14¢ Julia Ward Howe
Great Americans Series
Issue Date: February 12, 1987
City: Boston, MA
Printed By: Bureau of Engraving and Printing
Printing Method: Engraved
Issued between 1980 and 1999, the Great Americans definitive series features 63 designs, making it the largest set of face different Regular Issue stamps issued in the 20th century. One stamp honors a couple (Lila and Dewitt Wallace) while the remaining 62 commemorate individuals.
The series is characterized by a standard definitive size, simple design and monochromatic colors. The Bureau of Engraving and Printing produced most of the stamps, but some were printed by private firms. Several stamps saw multiple printings. The result is many different varieties, with tagging being the key to understanding them.
Death Of Julia Ward Howe
Poet, author, and activist Julia Ward Howe died on October 17, 1910, in Portsmouth, Rhode Island.
Howe was born on May 27, 1819, in New York City, New York to a stockbroker and poet. She received an education from private tutors and attended schools for young ladies until she was 16. One of her brothers traveled to Europe and brought home a library of books that opened her eyes to the world outside of her father’s Calvinist teachings.
In 1843, Howe married physician and reformer Samuel Gridley Howe, with whom she had six children. In her own time, Howe attended lectures, learned foreign languages, and wrote her own plays and stories. Many of her works were published, though they angered her husband, as they often criticized the role of women in society.
In November 1861, Howe and her husband visited Washington, DC. After meeting with President Lincoln, Howe attended a public review of Union troops outside Washington. Among the soldiers was Thomas Bishop, who had joined the Massachusetts militia. Bishop had put together a set of lyrics entitled “John Brown’s Body,” which became a walking song set to the tune of a campfire spiritual, named “Canaan’s Happy Shore” by William Steffe.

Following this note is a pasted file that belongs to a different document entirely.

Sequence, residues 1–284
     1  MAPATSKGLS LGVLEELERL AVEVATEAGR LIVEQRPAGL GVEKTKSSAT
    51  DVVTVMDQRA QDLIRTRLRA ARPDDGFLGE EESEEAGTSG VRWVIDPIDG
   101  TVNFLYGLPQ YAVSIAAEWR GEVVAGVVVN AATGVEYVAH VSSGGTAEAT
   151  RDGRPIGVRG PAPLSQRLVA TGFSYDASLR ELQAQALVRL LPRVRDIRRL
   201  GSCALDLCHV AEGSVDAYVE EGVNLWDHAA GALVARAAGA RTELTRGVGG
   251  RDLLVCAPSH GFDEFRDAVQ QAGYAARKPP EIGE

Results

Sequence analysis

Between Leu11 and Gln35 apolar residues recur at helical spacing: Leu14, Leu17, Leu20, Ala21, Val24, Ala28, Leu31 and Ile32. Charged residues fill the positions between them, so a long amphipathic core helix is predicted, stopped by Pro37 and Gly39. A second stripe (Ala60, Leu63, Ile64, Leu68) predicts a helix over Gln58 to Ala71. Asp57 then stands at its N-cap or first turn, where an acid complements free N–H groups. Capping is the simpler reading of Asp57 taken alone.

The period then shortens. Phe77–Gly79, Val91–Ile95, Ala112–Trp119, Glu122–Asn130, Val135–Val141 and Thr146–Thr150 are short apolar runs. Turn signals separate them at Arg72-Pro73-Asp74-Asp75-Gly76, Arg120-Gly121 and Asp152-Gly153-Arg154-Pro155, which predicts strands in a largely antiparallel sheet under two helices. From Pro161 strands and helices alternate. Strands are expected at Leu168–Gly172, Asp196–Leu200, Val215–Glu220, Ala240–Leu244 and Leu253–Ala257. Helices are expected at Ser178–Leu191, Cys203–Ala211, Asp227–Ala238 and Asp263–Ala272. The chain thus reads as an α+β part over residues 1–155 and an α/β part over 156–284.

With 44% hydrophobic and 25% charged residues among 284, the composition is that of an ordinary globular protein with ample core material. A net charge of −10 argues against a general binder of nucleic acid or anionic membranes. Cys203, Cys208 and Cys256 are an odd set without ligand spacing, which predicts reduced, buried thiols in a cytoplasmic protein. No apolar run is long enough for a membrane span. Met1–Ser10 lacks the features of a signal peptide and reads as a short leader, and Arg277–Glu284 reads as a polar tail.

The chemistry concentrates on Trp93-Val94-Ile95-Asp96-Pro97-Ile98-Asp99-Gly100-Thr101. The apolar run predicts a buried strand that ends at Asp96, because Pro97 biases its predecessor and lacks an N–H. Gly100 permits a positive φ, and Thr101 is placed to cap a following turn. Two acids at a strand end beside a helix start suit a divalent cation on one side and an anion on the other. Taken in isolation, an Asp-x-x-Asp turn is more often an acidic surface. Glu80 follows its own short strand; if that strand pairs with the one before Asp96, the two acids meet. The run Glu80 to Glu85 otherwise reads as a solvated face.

Howe awoke in the middle of the night with lyrics for the tune half-composed in her mind. Scribbling in near darkness, she wrote what would become “The Battle Hymn of the Republic.” After being published in the February 1862 issue of the Atlantic Monthly, Howe’s hymn became one of the most popular songs in the Union during the Civil War. (Click here to see the original printing of the song.)
The song, which connects judgment day and the wicked to the Civil War, was published with five verses. A sixth verse was not published originally and is less commonly known. As a result of the song’s success, Howe became the first woman elected to the American Academy of Arts and Letters.
Following the war, Howe went on to become a writer, lecturer, and social reformer for women’s rights. She helped found and served as president of several suffrage groups, including the New England Women’s Club, the New England Woman Suffrage Association, the Association for the Advancement of Women, the General Federation of Women’s Clubs, and the American Woman Suffrage Association. Howe served as editor of the suffragist magazine, Woman’s Journal for 20 years. She also issued an “Appeal to womanhood throughout the world,” which encouraged women from around the globe to strive for world peace.
Howe battled pneumonia and died from it on October 17, 1910, in Portsmouth, Rhode Island. At her funeral, a group of 4,000 people sang “Battle Hymn of the Republic.” After her death, her children wrote a biography about her that won a Pulitzer Prize. She was also posthumously inducted into the Songwriters Hall of Fame and the National Women’s Hall of Fame.
Click here to read some of Howe’s writing.